For example, consider this deepfake demonstration video of Obama released by Buzzfeed in 2018, which stupefied viewers across the globe. You can check it out here:
As machine-learning tools are reaching the masses, it has become much easier to create convincing fake videos that could be used to disseminate propaganda-driven news or to simply harass a targeted individual.
The US Defense Department (DARPA) has released a tool for detecting deepfakes called Media Forensics. Originally, the program was developed to automate existing forensic tools, but with the rise of deepfakes, they have used AI to counter AI-driven deepfakes. Let’s see how it works.
The resultant video generated using deepfake technically has discernible differences in the way the video’s metadata is distributed, as compared to the original one. These differences are referred to as glimpses in matrix, which is what DARPA’s deepfake detection tool tries to leverage when detecting deepfake media.
Siwei Lyu, professor from the computer science department at the State University of New York, has noted that faces created using deepfake technology seldom blink. Even if they do, it seems unnatural. He posits that this is because most of the deepfake-driven videos are trained using still images. Still, photographs of a person are generally taken when their eyes are open. Besides eye blinking, other data points on facial movements, such as when they raise upper lip while conversing, how they shake their heads etc. can also provide clues as to whether the streamed video is fake.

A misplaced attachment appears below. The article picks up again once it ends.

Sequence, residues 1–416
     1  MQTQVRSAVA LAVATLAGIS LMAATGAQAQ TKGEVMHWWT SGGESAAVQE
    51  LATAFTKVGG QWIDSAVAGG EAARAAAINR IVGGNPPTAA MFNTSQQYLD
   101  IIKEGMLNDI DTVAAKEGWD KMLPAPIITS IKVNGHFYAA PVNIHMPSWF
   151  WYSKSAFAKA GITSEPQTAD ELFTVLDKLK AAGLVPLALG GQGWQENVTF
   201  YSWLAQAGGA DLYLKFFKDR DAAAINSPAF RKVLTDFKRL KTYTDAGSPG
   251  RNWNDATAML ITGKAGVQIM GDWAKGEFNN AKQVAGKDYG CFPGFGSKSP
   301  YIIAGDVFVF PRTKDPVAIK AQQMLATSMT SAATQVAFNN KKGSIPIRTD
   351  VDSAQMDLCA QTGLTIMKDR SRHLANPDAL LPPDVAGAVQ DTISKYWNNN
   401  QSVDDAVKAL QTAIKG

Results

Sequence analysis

The power of artificial intelligence and neural networks isn’t just limited to text, pictures, and video. They can clone a person’s voice with the same ease. All that is required is a data set of the audio recording of a person whose voice needs to be emulated. Deepfake algorithms will learn from that data set and becomes empowered to recreate the prosody of a targeted person’s speech.
Commercial software is being released in the market like Lyrebird and Deep Voice, wherein you need to speak only a few sentences before the AI has grown accustomed to your voice and intonation. As you feed in more audio of yourself, this software becomes powerful enough to clone your voice. After feeding in the dataset of your own audio samples, you can just give a sentence or a paragraph and this deepfake software will narrate the text in your voice!